the dissipation of fortunes, the mischief of which are now countervailed by the
healthful tone of society, would breed universal disease, and wreak out into
universal license ; and the. world would sink, rotten as Herod, into the grave
of its own loathsome vices.
Almost all the noblest things that have been achieved in
the world, have been achieved by poor men ; poor scholars, poor professional
men, poor artisans and artists, poor philosophers, poets, and men of genius. A
certain solidness and sobriety, a certain moderation and restraint, a certain
pressure of circumstances, are good for man. liis body was not made for
luxuries. It sickens, sinks, and dies under them. His mind was not made for
indulgerice. It grows weak, effeminate, and dwarfish, under that condition. And
he who pampers his body with luxuries and his mind with indulgence, bequeaths
the consequences to the minds and bodies of his descendants, without the wealth
which was their cause. For wealth, without a law of entail to help it, has
always lacked the energy even to keep its own treasures. They drop from its
imbecile hand. The third generation almost inevitably goes down the rolling
wheel of fortune, and there learns the energy necessary to rise again, if it
rises at all ; heir, as it is, to the bodily diseases, and mental weaknesses,
and the soul's vices of its andestors, and not heir to their wealth. And yet we
are, almost all of us, anxious to put our children, or to insure that
our grandchildren shall be put, on this road to indulgence, luxury, vice,
degradation, and ruin ; this headship of hereditary disease, soul malady, and
mental leprosy.
If wealth were employed in promoting mental culture at home and works of
philanthropy abroad ; if it were multiplying studies of art, and building up
institutions of learning around us; if it were in every way raising the
intellectual character of the world, there could scarcely be too much of it.
But if the utmost aim, effort, and ambition of wealth be, to procure rich
furniture, and provide costly entertainments, and build luxurious houses, and
minister to vanity, extravagance, and ostentation, there could scarcely be too
little of it. To a certain extent it may laudably be the minister of elegancies
and luxuries, and the servitor of hospitality and physical enjoyment: but just
in proportion as its tendencies, divested of all higher aims and tastes, are
running that way, they are running to peril and evil.
Nor does that peril attach to individuals and families alone. It stands, a
fearful beacon, in the experience of Cities, Republics, and Empires. The
lessons of past times, on this subject, are emphatic and solemn. The history of
wealth has always been a history of corruption and downfall. the people never
existed that could stand the trial. Boundless profusion is too little likely to
spread for any people the theatre of manly energy, rigid self-denial, and lofty
virtue. You do not look for the bone and sinew and strength of a country, its
loftiest talents and virtues, its martyrs to patriotism or religion, its men to
meet the days of peril and disaster, among the children of ease, indulgence,
and luxury.
In the great march of the races of men over the earth, we have always seen
opulence and luxury sinking before poverty and toil and hardy nurture. That is
the law which has presided over the great professions of empire. Sidon and
Tyre, whose merchants possessed the wealth of princes ; Babylon and Palmyra,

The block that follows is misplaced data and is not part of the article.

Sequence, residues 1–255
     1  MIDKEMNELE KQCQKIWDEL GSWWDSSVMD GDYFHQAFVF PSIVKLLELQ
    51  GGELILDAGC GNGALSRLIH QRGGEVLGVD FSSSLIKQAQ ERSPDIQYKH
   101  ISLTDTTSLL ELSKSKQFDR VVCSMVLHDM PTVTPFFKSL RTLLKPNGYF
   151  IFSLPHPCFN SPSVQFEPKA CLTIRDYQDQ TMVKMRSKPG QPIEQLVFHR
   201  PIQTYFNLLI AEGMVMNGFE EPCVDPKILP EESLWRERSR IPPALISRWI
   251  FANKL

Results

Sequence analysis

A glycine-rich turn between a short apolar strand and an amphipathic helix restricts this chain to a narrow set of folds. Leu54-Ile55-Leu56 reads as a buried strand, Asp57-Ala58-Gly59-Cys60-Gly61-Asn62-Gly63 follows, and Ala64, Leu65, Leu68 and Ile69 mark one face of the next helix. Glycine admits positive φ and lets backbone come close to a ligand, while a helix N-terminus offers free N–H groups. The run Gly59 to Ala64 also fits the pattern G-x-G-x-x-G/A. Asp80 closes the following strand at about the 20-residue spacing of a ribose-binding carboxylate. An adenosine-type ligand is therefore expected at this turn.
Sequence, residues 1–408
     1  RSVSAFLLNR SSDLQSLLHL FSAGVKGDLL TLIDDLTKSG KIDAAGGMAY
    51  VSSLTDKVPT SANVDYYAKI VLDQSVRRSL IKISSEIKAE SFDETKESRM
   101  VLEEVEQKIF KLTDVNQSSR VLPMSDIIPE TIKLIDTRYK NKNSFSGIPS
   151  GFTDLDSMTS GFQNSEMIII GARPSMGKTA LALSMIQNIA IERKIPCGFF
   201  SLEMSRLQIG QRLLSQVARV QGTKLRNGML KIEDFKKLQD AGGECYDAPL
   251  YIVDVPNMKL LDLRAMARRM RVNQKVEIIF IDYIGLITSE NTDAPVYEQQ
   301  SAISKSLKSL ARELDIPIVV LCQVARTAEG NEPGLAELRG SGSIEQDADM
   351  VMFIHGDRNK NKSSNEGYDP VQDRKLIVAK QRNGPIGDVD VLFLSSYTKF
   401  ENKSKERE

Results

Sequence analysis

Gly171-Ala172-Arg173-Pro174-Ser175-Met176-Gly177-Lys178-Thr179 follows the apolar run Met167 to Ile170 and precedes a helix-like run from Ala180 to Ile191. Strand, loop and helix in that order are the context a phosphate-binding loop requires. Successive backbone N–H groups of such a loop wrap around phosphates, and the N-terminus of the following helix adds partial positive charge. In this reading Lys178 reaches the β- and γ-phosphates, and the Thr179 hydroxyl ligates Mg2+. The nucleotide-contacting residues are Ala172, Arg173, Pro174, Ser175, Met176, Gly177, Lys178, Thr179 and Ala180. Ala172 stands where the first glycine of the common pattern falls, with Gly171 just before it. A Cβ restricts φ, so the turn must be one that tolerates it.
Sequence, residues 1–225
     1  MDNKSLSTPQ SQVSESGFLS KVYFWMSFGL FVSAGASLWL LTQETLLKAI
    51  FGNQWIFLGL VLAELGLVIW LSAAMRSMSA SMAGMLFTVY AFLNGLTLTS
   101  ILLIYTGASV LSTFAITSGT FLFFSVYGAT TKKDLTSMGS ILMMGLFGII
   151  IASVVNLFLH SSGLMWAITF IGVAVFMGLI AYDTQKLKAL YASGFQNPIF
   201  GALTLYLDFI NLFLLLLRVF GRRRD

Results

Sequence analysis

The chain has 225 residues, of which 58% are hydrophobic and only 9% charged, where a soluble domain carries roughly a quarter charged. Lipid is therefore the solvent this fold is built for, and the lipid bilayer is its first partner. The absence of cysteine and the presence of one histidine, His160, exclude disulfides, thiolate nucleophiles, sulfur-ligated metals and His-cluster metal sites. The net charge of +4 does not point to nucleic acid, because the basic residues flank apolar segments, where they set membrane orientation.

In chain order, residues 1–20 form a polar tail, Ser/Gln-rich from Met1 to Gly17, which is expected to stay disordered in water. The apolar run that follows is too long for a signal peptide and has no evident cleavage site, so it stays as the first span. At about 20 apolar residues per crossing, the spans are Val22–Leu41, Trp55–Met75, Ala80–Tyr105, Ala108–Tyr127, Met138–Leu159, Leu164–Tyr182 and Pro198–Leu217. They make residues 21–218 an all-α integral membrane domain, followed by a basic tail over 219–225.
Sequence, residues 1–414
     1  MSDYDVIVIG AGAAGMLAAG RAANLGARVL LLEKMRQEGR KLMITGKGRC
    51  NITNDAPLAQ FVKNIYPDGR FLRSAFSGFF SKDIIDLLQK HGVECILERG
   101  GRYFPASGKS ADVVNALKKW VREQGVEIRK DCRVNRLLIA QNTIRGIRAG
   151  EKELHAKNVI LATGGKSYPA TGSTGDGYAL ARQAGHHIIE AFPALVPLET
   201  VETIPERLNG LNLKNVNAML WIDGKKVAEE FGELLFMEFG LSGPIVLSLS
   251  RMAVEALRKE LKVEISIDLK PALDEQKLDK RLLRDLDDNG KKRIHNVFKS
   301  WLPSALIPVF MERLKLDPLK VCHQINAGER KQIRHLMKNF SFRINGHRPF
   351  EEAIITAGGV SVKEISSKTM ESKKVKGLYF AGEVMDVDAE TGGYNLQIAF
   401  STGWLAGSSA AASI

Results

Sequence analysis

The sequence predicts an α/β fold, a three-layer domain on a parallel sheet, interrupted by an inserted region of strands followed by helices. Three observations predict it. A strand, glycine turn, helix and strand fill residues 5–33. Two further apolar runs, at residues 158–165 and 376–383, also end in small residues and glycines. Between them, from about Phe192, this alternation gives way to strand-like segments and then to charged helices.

the seats of Asiatic luxury ; Rome, laden with the spoils of a world,
overwhelmed by her own vices more than by the hosts of her enemies ; all these,
and many more, are examples of the destroytive tendencies of immense and
unnatural accumulation : and men must become more generous and benevolent, not
more selfish and effeminate, as they become more rich, or the history of modern
wealth will follow in the sad train of all past examples. All men
desire distinction, and feel the need of some ennobling object in life. Those
persons are usually most happy and satisfied in their pursuits, who have the
loftiest ends in view. Artists, mechanics, and inventors, all who seek to find
principles or develop beauty in their work, seem most to enjoy it. The farmer
who labors for the beautifying and scientific cultivation of his estate, is
more happy in his labors than one who tills his own land for a mere
subsistence. This is one of the signal testimonies which all human employments
give to the high demands of our nature. To gather wealth never gives such
satisfaction as to bring the humblest piece of machinery to perfection : at
least, when wealth is sought for display and ostentation, or mere luxury, and
ease, and pleasure ; and not for ends of philanthropy, the relief of kindred,
or the payment of just debts, or as a means to attain some other great and
noble object.
With the pursuits of multitudes is connected a painful conviction that they
neither supply a sufficient object, nor confer any satisfactory honor. Why
work, if the world is soon not to know that such a being ever existed ; and
when one can perpetuate his name neither on canvas nor on marble, nor in books,
nor by lofty eloquence, nor statesmanship ?
The answer is, that every man has a work to do in himself, greater and
sublimed than any work of genius ; and works upon a nobler material than wood
or marble-upon his own soul and intellect, and may so attain the highest
nobleness and grandeur known on earth or in Heaven; may so be the greatest of
artists, and of authors, and his life, which is far more than speech, may be
eloquent.
The great author or artist only portrays what every man should be. He
conceives, what we should do. He conceives, and represents moral beauty,
magnanimity, fortitude, love, devotion, forgiveness, the soul's greatness. He
portrays virtues, commended to our admiration and imitations. To embody these